Palestinian workers at a checkpoint near the occupied West Bank village of Nil'in, March 2017. Majdi Mohammed / AP
Palestinian workers at a checkpoint near the occupied West Bank village of Nil’in, March 2017. Majdi Mohammed / AP

Palestinians who seek an Israeli work permit are sometimes forced to pay up to 2,500 shekels ($703) a month to middlemen, according to a study in which the Finance Ministry took part,  according to a report by Israel newspaper Haaretz reported on Wednesday
The sum ranges between 1,500 shekels and 2,500 shekels, about a quarter to a third of a Palestinian laborers’ average monthly salary, says the study, which marks the first time the government has recognized this exploitation of Palestinian workers – and a bizarre trade in work permits among employers, the report dded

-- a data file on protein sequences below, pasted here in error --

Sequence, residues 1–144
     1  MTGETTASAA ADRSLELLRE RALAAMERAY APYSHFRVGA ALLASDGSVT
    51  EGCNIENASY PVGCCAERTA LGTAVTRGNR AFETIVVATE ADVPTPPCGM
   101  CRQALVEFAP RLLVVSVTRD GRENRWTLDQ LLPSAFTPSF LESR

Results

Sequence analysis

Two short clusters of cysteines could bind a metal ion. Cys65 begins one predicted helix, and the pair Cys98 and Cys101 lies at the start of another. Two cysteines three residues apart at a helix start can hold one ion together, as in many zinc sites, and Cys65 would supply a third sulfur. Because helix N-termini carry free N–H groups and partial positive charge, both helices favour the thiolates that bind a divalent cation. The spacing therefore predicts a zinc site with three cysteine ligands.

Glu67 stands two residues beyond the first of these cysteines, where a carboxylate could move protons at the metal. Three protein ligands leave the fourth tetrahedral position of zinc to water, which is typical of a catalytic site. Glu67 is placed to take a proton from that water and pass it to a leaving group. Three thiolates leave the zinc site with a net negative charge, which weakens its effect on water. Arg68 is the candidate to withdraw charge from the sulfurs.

Palestinian laborers are bound to a specific Israeli employer when receiving a work permit. For example, Ayman, a 45-year-old from a village near Jenin, pays about 2,400 shekels a month, though his employer sometimes chips in.

“There’s no choice,” says Ayman, who declined to give his last name. “We have to work, even if we have to pay a lot of money to a contractor.”
According to a government document obtained by Haaretz, “The employment method has not created proper employment conditions for workers. Moreover, it has allowed many situations in which salaries have not been paid to employees.”

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